How long must an EB-5 green card holder live in the United States each year? - EB5Investors.com

How long must an EB-5 green card holder live in the United States each year?

I want to help my parents (70 and 78 years old) apply for an EB-5 green card in order to get medical insurance in the United States. Unfortunately, there is no way to get medical insurance at their age in Mexico. Their primary residence will be in Mexico and they will only be in the United States for 2-3 months each year for appointments, lab work, etc. Is there any way we can handle this situation without risking their green card?

Answers

Fredrick W Voigtmann

Fredrick W Voigtmann

Immigration Attorneys
Answered on

There is no minimum amount of time required by U.S. immigration law and regulations for a lawful permanent resident to be physically present in the United States each year. In order to maintain the green card, the person must "intend" to permanently reside in the United States. If the person stays out of the United States for more than six months on any given trip, it raises a rebuttable presumption that he or she "intended" to abandon the green card. If the absence is longer than one year, the intention is assumed and it is pretty hard to rebut it (you need a really good reason, like an extended hospital stay or other extenuating circumstances). Wanting to get medical insurance in the United States is probably not enough of a reason (or not a valid reason) for a person to immigrate to this country if he or she is not planning on actually living here. If their intention is to reside here, they can spend more time outside of the United States by applying for and obtaining reentry permits, which are valid for two years and can be used to enter the United States at any time, regardless of how long their absence has been (i.e., less than two years) and they meet all of the other requirements for entry.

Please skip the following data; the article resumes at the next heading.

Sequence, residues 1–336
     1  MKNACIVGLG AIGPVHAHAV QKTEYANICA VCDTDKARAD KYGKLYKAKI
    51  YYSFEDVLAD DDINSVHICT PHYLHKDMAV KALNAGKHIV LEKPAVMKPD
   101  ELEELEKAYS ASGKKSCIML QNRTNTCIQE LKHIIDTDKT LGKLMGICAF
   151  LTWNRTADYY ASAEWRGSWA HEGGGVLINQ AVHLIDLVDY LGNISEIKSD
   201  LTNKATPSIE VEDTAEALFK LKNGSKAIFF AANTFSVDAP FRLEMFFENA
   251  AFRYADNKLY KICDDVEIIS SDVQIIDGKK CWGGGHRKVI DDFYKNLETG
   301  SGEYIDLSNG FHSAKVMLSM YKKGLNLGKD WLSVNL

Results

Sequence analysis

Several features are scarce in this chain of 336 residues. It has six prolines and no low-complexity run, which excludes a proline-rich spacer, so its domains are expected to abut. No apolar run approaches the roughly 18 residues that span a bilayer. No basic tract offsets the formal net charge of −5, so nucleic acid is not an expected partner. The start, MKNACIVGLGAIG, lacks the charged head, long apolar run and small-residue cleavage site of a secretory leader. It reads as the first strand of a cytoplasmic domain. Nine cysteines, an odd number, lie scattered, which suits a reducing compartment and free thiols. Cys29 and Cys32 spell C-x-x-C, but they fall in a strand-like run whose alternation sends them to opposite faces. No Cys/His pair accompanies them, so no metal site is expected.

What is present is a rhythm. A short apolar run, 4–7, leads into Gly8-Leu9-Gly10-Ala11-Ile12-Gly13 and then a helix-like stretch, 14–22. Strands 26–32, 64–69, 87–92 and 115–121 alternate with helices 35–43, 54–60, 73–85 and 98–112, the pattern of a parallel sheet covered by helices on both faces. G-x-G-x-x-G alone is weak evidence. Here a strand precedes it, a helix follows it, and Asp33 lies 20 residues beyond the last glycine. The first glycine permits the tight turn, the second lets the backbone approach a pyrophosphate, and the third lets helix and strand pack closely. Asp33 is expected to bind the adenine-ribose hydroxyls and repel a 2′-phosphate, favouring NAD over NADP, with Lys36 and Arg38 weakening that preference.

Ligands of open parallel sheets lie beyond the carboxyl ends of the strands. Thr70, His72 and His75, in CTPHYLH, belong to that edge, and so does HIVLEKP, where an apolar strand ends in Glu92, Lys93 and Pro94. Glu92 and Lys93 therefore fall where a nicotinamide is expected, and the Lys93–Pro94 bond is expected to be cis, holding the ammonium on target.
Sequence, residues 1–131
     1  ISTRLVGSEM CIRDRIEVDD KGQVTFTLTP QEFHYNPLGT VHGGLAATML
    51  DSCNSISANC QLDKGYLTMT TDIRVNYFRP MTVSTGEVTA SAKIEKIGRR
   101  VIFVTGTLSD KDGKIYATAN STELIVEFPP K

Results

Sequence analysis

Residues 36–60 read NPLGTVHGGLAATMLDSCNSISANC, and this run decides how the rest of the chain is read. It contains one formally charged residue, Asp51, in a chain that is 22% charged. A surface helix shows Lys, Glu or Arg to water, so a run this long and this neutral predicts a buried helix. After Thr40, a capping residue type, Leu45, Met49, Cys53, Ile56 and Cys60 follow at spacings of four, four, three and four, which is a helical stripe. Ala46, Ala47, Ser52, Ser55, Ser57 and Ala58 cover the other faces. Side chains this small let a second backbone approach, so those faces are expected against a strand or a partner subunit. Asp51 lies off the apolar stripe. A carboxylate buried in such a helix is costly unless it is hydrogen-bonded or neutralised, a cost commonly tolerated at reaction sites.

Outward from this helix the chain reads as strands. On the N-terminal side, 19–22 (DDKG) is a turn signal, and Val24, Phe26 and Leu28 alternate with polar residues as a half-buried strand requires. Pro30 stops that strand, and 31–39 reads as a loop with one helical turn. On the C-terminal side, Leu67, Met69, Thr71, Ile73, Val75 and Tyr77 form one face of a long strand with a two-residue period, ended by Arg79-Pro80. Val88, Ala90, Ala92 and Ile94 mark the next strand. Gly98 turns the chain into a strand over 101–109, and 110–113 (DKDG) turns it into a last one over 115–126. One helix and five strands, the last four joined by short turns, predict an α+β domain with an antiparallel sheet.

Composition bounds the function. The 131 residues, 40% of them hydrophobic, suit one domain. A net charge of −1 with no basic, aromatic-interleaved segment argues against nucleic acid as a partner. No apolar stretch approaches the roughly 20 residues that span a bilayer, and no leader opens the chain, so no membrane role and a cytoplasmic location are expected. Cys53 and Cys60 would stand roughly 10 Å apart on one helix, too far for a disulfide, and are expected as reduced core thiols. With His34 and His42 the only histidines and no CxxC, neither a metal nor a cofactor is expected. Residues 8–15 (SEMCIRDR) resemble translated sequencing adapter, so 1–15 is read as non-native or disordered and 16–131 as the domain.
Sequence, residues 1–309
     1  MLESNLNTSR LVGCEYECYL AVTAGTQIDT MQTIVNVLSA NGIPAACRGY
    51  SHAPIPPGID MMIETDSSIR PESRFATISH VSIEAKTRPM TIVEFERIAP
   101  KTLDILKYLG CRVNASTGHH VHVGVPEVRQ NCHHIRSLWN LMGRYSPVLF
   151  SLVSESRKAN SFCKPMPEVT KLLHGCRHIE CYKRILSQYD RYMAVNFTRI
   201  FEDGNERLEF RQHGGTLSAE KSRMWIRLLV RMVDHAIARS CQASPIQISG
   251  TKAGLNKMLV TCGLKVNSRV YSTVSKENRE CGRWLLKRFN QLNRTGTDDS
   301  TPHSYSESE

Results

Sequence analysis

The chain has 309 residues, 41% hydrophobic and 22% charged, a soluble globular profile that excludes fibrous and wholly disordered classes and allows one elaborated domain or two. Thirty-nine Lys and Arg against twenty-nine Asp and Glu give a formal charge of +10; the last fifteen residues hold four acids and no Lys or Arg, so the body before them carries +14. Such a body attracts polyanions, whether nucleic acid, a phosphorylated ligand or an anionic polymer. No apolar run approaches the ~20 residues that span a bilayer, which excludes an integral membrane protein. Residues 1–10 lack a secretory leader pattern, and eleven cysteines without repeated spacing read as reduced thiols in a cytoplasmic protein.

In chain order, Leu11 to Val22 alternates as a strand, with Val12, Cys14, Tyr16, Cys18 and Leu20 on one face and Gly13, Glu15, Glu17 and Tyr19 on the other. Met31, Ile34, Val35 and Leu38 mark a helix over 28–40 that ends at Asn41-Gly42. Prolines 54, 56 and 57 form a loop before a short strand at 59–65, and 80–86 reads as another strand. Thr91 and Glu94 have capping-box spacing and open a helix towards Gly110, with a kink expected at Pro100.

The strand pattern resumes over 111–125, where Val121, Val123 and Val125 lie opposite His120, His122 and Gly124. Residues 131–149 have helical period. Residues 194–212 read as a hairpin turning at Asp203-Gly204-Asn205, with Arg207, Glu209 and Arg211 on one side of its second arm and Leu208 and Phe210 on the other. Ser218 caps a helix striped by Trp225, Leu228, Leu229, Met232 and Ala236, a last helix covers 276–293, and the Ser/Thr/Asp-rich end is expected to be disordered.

Jimena G Cabrera

Jimena G Cabrera

Immigration Attorneys
Answered on

Lawful permanent residents who obtain their "green card" through the EB-5 program have the same residency requirements as any other LPR. Lengthy absences can lead to abandonment and loss of permanent resident status.

Salvatore Picataggio

Salvatore Picataggio

Immigration Attorneys
Answered on

That would likely put their green card at risk. Permanent residency really means permanent.

A Olusanjo Omoniyi

A Olusanjo Omoniyi

Immigration Attorneys
Answered on

The rule is that the holder of a green card is supposed to live in the United States to successfully retain their green card. Also, based on your plan, it appears your goal(s) for seeking EB-5 green cards is fraught with the possibilities that you will eventually lose those green cards, even if you obtain them, if your parents will not live in the United States for more than 2-3 months per year. Advisably, before you pursue your plan, seek counseling with an EB-5 attorney because there may be other visa alternatives.

John J Downey

John J Downey

Immigration Attorneys
Answered on

Not easy, but if you had a residence in the United States rather than, say, a hotel, it might help. A letter from your attorney stating that they need to receive different treatments in each country might help if they are questioned at the Port of Entry.

Bernard P Wolfsdorf

Bernard P Wolfsdorf

Immigration Attorneys
Answered on

They must have an intent to live here permanently, but absences can be excused provided you obtain advance permission via applying for reentry permits.

Raymond Lahoud

Raymond Lahoud

Immigration Attorneys
Answered on

In response to your question, once one is granted Lawful Permanent Residence in the United States, he cannot "abandon" his residence. One's residence is presumptively deemed abandoned, if he or she remains outside of the United States for a period in excess of six months (continuously). Moreover, your parents would have to be the direct investors in the EB-5 project, and the project must go on to meet the job creation requirements.

BoBi Ahn

BoBi Ahn

Immigration Attorneys
Answered on

If a lawful permanent resident (i.e., a "green card holder") spends greater than 12 months outside the United States without an intervening trip(s) to the United States, then there is an assumption of abandonment of permanent residence. In order to prevent this from occurring, you may file for a travel permit declaring residence in the United States, but plans for extended stays abroad to preserve permanent residence.

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